Cara is my sister-in-law, and her long time beau is Joey.  They lived in Bernal for most of the last 5 years, and the couple were married in a lovely, fairly impromptu wedding on the hill last Saturday.  As of last week, they’ve relocated to LA for a job opportunity, but they wanted to finally tie the knot — after a long engagement— with family and the great community they built here.

There was a raucous party at our place afterwards.

Big congrats and best wishes to the happy couple, and never forget

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PHOTO: The wedding of Cara and Joey on Bernal Hill, via Neighbor Abner

KQED: Lama Family Feud Lies at Heart of Big Bocana Rent Increase

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Veteran reporter Dan Brekke knows how to do the legwork required to crack a story open. These days he works for KQED, where he just published a remarkably detailed report on the Lama family dispute that lies at the heart of the now-infamous 355 Bocana rent-increase controversy.

Brekke’s reporting largely confirms rumors that have been rippling through Bernal Heights for the last few days, to the effect that as a result of the family feud, Bernal neighbor and 355 Bocana property owner Nadia Lama hoped to evict Neigbor Deb Follingstad, because Neighbor Nadia herself needs a place to live.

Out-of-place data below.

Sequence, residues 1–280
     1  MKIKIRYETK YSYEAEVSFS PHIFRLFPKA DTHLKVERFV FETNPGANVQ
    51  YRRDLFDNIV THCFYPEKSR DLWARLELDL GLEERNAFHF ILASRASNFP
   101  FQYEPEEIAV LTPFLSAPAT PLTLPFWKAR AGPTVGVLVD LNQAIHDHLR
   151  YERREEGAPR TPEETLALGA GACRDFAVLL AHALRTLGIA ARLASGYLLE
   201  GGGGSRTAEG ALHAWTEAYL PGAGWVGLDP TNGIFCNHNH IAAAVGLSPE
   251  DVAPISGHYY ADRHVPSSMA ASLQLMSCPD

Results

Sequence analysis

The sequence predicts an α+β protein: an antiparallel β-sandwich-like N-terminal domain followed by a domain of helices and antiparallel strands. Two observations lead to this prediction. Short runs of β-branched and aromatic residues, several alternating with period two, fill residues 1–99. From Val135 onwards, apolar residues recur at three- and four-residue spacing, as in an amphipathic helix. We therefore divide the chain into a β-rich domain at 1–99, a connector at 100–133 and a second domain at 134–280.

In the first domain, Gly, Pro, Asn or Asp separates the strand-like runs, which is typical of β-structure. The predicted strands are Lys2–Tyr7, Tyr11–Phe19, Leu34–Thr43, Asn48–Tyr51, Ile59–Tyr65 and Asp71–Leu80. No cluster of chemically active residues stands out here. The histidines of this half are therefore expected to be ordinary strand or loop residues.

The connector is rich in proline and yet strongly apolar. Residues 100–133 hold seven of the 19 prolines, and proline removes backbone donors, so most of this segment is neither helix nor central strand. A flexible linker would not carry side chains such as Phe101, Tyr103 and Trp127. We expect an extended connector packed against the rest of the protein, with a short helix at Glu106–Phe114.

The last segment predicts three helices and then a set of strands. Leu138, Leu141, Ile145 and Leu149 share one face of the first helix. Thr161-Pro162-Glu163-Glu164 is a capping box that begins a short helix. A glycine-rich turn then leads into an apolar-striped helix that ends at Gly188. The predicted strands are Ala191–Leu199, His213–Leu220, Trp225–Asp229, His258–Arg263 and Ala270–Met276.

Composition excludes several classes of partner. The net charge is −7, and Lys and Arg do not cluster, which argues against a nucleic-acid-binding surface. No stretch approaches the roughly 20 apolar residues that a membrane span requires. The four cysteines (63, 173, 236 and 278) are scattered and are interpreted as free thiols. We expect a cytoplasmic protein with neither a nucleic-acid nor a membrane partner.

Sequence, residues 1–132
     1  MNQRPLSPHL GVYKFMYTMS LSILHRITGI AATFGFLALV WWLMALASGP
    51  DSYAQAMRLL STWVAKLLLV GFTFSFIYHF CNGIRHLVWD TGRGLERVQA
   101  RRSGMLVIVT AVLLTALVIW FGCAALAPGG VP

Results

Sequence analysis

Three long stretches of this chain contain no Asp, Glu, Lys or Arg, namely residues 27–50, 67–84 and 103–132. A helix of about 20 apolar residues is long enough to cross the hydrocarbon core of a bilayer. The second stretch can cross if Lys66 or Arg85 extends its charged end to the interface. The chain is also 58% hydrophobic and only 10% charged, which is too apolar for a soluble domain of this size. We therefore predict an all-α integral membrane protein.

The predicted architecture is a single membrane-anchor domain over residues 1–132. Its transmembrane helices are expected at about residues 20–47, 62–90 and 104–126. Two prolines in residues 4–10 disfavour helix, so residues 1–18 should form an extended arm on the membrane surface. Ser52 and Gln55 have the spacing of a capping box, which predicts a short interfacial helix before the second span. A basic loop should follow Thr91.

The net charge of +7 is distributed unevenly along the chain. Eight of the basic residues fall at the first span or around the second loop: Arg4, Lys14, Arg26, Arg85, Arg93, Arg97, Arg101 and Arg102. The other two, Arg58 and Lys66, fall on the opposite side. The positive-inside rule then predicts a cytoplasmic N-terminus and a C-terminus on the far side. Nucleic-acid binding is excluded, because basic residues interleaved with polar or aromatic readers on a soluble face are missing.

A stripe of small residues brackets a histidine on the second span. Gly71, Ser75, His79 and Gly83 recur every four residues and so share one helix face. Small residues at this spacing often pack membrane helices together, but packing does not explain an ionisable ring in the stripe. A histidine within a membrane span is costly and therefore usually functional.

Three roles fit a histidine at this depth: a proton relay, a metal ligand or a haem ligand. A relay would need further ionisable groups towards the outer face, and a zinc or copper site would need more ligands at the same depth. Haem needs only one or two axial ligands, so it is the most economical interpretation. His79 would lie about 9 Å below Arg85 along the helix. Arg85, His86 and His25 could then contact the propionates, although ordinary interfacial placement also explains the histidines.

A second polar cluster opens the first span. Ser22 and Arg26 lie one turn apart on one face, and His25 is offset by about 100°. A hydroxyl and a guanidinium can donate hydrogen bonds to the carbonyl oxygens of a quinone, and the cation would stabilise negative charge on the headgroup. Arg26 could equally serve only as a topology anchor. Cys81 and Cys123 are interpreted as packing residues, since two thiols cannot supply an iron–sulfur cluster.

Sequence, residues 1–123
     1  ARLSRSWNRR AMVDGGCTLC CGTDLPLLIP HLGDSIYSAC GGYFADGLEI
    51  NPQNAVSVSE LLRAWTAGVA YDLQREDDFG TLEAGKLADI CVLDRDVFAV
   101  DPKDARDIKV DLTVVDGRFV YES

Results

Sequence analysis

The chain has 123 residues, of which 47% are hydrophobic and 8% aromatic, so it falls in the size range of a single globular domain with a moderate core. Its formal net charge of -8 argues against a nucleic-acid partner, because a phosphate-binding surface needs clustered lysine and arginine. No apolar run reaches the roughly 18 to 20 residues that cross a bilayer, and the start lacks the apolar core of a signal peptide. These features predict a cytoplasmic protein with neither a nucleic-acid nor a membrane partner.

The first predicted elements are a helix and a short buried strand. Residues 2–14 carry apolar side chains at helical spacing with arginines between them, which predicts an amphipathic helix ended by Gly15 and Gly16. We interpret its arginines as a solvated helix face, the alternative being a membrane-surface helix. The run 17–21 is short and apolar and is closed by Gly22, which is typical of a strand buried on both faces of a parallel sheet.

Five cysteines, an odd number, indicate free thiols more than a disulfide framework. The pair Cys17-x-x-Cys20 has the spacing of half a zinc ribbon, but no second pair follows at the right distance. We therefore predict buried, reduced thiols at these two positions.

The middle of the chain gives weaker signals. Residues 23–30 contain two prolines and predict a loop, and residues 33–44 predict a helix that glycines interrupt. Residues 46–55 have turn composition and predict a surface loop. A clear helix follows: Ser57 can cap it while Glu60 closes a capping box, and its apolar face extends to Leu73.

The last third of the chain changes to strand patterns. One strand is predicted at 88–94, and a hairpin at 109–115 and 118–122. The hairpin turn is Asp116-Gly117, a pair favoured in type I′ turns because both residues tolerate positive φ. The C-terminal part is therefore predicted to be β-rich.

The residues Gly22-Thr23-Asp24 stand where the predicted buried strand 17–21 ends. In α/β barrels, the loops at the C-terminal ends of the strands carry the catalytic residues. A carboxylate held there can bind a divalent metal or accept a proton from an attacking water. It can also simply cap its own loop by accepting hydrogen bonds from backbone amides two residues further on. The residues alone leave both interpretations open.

Brekke reports:

Superior Court filings show that Nina Gelfant and Gayle Worrell alleged they were forced from their one-bedroom, one-bathroom, 720-square-foot Cortland Avenue apartment [in 2013] after the Lamas raised the rent from $1,650 to $4,250 — 157 percent.

The suit argued that the rent increase was far above market rate and designed to get Gelfant and Worrell to leave so that Lamas could sell the property.

That sale, [tenant-rights lawyer Joe] Tobener suggested in a trial brief that outlined more than $1 million in potential damages, was triggered by a battle among Shukry Lama’s heirs over the property he’d left behind when he died in 2012.

“Chuck Lama’s heirs were fighting over their share of the inheritance which demanded selling properties or having the heirs occupy them as residences,” Tobener’s brief says.

That alleged squabble also appears to have played a role in Nadia Lama’s dramatic increase of Deb Follingstad’s rent.

In September 2013, she filed a probate petition in Superior Court seeking to compel her sister Claudia, the overseer of several family trusts set up by [deceased family patriarch] Chuck Lama, to account for the family’s assets. Assets named in the petition and exhibits include a small Cortland Avenue market, Chuck’s Store, the store’s liquor license, eight residential properties in San Francisco, one in Burlingame, and unspecified real estate in Chile.